#22
  3. Jnich77

    Jnich77 Been here awhile

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    Exactly!!!! Not like they take up a lot of room....lol.
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  4. PeterW

    PeterW Long timer

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    I've had more problems with carbs that FI in all the bikes I've owned, including dirt in the jets. Far less tolerant of water as well - so far the FI has been faultless.

    Agreed, something like the Dakar is the extreme end, most of the problems have been fuel pumps though, not the actual FI. If you are going to have five fuel tanks, the complexity of moving fuel around is likely to screw you up, carbs OR FI.


    Pete
    #24
  5. syaufu

    syaufu Been here awhile

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    Rode London to Bejing..Injected bike..bad fuel ..17,000 ft ..no problems...Lady with Carbed bike..in van above 14000 ft and worked on carb and jets almost every nite when in the high altitude of Tibet trying to get bike to run properly...not a mechanic..just a rider but I will take an injected bike any day after that experience..bj
    #25
  6. ttpete

    ttpete Rectum Non Bustibus

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    In-tank pumps will live a long time as long as the fuel level is kept up. The pump depends on fuel to cool and lubricate it, and low fuel levels will kill it in short order.
    #26
  7. JimVonBaden

    JimVonBaden "Cool" Aid!

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    That's a bit of a stretch. Though fuel does cool the pump, running low on fuel will not cause a pump to fail in "short order"! The cooling comes from fuel going through it far more than around it.:deal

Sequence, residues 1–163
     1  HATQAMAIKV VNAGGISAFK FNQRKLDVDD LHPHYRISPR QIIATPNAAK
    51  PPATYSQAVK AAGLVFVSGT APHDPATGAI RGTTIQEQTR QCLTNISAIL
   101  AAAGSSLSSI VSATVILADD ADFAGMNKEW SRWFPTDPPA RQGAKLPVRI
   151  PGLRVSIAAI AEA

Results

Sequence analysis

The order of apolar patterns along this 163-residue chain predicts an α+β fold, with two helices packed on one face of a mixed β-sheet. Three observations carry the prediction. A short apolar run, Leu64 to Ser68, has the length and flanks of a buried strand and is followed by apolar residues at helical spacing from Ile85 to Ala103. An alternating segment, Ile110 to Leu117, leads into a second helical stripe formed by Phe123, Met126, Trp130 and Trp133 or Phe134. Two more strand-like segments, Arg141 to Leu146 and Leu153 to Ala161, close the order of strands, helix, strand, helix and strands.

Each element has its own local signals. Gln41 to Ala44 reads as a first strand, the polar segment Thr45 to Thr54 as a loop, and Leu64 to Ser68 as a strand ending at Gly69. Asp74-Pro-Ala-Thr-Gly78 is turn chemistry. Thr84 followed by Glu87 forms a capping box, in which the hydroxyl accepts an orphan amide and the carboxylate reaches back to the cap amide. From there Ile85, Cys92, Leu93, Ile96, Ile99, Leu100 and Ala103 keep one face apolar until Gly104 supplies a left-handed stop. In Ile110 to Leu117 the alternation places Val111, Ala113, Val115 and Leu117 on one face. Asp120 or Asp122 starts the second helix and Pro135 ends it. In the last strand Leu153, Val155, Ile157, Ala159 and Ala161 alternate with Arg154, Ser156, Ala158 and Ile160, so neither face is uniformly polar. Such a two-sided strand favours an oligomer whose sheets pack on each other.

Jim :brow
    #27
  8. ttpete

    ttpete Rectum Non Bustibus

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    Bear in mind that fuel is continuously recirculated through the pressure regulator, and that last pint can get pretty warm. Even though the pump section may be cooled, if there's a deep enough sump the motor bearings can run without fuel to lubricate them once the level drops enough.
    #28
  9. fast4d

    fast4d Long timer

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    most newer EFI systems run 'returnless'. there's no circulation of fuel

    I would think the returnless pumps are cycled and don't run constantly on the same intensity therefore eliminating overheat conditions.
    #29
  10. VxZeroKnots

    VxZeroKnots Long timer

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    At least on the Husky I have this is true.
    #30
  11. Warin

    Warin Retired

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    If you have 5 fuel tanks you are going to have fuel pumps, EFI or carby!